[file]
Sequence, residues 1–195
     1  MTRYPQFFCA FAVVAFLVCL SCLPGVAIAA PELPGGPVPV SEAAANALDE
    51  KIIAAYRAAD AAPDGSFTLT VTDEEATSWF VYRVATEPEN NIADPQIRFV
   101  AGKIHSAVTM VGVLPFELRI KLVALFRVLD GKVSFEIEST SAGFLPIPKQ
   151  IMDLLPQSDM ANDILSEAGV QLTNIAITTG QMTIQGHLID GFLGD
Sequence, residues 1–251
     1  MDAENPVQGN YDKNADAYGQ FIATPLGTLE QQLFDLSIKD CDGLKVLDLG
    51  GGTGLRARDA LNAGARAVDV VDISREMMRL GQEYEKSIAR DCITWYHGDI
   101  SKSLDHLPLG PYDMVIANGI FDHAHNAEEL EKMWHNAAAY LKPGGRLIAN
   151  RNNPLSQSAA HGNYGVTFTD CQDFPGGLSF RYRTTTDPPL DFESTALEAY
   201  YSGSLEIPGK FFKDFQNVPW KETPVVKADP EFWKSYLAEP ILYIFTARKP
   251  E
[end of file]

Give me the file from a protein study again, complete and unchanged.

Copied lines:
Sequence, residues 1–195
     1  MTRYPQFFCA FAVVAFLVCL SCLPGVAIAA PELPGGPVPV SEAAANALDE
    51  KIIAAYRAAD AAPDGSFTLT VTDEEATSWF VYRVATEPEN NIADPQIRFV
   101  AGKIHSAVTM VGVLPFELRI KLVALFRVLD GKVSFEIEST SAGFLPIPKQ
   151  IMDLLPQSDM ANDILSEAGV QLTNIAITTG QMTIQGHLID GFLGD
Sequence, residues 1–251
     1  MDAENPVQGN YDKNADAYGQ FIATPLGTLE QQLFDLSIKD CDGLKVLDLG
    51  GGTGLRARDA LNAGARAVDV VDISREMMRL GQEYEKSIAR DCITWYHGDI
   101  SKSLDHLPLG PYDMVIANGI FDHAHNAEEL EKMWHNAAAY LKPGGRLIAN
   151  RNNPLSQSAA HGNYGVTFTD CQDFPGGLSF RYRTTTDPPL DFESTALEAY
   201  YSGSLEIPGK FFKDFQNVPW KETPVVKADP EFWKSYLAEP ILYIFTARKP
   251  E